Why Some Art Needs Explaining
And in language that doesn't leave you scratching your head
I recently watched a video featuring the British conceptual artist Ryan Gander. He was talking about his art and the ideas he’s interested in exploring in his work. Gander is really engaging. He’s brimming with ideas. And he’s quite provocative in the statements he makes about art.
Conceptual art is a category of art that turns some people right off because it can sometimes be quite hard to get a handle on what it’s all about. The value of conceptual art is in the concept or the idea rather than in the aesthetics of the art. Any sort of demonstration of artistic skill from the artist is not necessary. The hand of the artist is not important. But it can be hard to separate those two aspects of an artwork when you’re standing in front of it looking for something to grab you and you’re not sure what the idea is.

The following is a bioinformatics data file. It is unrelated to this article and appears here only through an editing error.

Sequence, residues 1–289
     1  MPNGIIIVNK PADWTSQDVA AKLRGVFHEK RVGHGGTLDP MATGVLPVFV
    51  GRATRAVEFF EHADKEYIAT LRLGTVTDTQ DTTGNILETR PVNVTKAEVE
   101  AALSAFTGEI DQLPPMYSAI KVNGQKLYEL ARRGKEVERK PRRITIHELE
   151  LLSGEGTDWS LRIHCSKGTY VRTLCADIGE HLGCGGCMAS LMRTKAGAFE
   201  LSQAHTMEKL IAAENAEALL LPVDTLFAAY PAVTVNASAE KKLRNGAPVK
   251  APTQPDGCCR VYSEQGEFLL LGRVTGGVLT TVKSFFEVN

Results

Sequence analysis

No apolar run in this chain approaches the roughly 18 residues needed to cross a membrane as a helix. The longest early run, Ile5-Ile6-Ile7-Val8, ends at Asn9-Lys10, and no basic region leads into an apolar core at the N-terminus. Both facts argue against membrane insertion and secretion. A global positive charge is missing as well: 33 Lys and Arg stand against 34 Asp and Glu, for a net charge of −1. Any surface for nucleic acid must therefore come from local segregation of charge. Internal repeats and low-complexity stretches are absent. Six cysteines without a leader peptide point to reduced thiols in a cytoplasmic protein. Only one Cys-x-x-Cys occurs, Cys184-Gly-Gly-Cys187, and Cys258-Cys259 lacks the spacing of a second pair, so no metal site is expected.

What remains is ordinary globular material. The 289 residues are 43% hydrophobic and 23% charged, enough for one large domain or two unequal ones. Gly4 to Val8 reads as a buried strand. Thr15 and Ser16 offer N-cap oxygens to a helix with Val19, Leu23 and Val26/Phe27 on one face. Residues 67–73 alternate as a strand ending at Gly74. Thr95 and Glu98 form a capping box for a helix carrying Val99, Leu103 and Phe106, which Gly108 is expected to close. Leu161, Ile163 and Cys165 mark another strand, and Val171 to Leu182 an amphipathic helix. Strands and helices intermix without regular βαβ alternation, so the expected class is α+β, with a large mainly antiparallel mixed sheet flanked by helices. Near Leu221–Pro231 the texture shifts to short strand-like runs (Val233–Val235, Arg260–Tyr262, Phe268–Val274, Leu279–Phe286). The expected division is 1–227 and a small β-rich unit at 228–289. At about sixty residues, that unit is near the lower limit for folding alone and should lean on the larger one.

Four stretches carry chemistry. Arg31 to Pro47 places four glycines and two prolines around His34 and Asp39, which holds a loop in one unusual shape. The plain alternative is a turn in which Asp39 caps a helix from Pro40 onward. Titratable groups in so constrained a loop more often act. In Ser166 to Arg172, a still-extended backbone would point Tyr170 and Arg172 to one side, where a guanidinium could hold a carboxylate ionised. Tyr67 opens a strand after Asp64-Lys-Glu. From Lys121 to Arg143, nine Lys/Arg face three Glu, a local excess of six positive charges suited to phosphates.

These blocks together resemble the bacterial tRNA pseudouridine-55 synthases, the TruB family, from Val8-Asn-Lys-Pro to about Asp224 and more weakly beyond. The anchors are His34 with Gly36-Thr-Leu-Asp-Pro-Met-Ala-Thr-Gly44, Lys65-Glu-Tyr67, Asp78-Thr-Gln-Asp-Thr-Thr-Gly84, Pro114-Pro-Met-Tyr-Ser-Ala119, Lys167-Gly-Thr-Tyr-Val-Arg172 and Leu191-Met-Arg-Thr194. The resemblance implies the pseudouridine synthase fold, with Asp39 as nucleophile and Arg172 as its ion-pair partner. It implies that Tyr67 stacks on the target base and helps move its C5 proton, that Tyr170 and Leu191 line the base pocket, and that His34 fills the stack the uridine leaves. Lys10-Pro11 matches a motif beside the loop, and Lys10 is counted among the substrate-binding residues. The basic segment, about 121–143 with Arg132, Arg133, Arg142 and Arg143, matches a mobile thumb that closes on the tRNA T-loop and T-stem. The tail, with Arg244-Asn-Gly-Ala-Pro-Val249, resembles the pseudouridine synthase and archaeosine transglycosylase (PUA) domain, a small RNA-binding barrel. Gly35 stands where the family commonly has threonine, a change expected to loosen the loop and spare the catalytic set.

Gander talks about how he values the process rather than the outcome, what he calls ‘the journey in the taxi rather than the taxi receipt’. Often I find his taxi receipts don’t grab me, but I really like listening to him talking about the journey. That’s when his art becomes really interesting to me. The video of Gander talking about his work is about 17 minutes long, so it’s a commitment to watch. But there are so many interesting ideas packed in it and I’d love to know what you think about any of the ideas that grab you.
Here’s my question though. If Gander wasn’t so articulate and engaging, would I even think he’s an interesting artist? What happens when the taxi receipt doesn’t communicate the wealth of ideas behind the artwork?
The fact is that some art needs a good explanation. And often galleries and artists do not provide that accessible explanation in language that makes sense, which contributes to the general feeling that contemporary art is highbrow and hard to understand.
What do you think? Let me know your thoughts about this in the comments!